March 2017 Cover Photo
conceptdesign’s Prototype Twenty
It's not pretty but it is a piece of Twenty history.
I worked at Raleigh from 1970 - 73 in the concept design office.
This bike was a proposal for the folder hinge designed by George Ellis perhaps before my time there. I can't quite recall as bikes were being prototyped all the time. George had also worked on the Chopper. This was quite a complex hinge design and was much simplified before the final version went into production. A prototype such as this was often used as a daily rider and in this case George’s wife, Margaret, rode this.
Eventually George was made redundant, way after I had moved on, and he moved the South of England to take up teaching. I visited him a few years ago not having seen him for about 40 years and he kindly gave me this prototype that had been rotting in his garage for years. It is now in safe storage it’s in a solid but poor state. Note, it's actually badged as a Triumph.
If you think you have a photo suitable for our front page, post it in
the Gallery with some info about your R-20 and contact an Admin. Happy snapping!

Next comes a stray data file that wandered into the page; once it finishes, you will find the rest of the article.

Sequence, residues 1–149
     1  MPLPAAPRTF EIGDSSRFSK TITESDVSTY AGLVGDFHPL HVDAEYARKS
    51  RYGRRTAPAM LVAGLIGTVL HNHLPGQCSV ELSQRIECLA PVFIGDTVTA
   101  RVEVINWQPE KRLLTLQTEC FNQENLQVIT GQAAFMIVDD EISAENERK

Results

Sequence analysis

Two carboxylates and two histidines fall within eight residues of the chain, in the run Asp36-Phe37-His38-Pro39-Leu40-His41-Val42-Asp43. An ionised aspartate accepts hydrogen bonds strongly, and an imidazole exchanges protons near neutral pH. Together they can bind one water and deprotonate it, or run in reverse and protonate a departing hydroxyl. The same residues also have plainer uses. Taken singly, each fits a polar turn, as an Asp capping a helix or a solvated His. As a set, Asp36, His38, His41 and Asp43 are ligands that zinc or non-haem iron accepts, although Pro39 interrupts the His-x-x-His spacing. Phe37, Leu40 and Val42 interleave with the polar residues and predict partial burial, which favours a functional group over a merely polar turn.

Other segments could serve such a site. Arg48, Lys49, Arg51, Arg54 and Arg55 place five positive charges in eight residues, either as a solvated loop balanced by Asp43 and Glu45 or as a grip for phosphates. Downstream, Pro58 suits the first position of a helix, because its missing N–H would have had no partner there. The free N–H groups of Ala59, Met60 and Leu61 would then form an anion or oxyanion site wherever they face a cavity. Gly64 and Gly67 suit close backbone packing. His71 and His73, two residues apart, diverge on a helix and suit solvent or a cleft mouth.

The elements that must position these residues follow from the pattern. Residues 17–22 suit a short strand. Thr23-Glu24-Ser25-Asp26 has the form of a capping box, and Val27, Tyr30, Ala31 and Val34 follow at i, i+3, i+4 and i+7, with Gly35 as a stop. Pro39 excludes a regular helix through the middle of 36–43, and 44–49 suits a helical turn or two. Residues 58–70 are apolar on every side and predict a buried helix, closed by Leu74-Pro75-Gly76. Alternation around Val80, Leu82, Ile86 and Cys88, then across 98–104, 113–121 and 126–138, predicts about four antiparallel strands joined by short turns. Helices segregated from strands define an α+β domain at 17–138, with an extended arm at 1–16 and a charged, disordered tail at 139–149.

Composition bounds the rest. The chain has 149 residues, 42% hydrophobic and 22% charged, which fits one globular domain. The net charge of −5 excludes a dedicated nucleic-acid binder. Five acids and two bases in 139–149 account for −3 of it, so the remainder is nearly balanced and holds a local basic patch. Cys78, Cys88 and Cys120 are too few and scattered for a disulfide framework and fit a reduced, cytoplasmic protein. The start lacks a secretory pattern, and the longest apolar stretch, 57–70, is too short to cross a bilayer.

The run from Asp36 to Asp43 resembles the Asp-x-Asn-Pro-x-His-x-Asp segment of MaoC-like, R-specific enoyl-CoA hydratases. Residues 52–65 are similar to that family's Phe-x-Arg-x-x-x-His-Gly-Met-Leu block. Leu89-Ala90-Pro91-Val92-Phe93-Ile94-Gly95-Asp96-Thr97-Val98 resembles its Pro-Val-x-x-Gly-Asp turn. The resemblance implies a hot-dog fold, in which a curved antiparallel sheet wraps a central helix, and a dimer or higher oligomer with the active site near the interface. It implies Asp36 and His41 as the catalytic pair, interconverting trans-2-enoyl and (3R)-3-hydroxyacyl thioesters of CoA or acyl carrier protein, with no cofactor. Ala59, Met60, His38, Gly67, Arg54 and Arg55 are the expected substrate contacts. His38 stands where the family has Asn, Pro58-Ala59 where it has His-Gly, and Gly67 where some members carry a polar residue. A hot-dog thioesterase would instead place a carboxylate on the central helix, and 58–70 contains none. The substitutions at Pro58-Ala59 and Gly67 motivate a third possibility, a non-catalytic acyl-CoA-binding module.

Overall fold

The original Raleigh Twenty was in production in various forms and under various names from 1968 until 1984 and has gained a cult following from cyclists worldwide. This popularity can be largely attributed to the late Sheldon Brown, a legendary bicycle guru, who owned several Raleigh Twentys throughout his lifetime.
At one stage, the Twenty was Raleigh's biggest seller. Raleigh's survival through the cycling slump of the 70's can be largely attributed to the Twenty and it's variant models. It was sold also under many of Raleigh's captive brand names such as Triumph, Sun, Hercules and BSA. It was also sold as the"Supercycle Twenty" in Canada. It was also built to a unique design by Morrison Industries in New Zealand.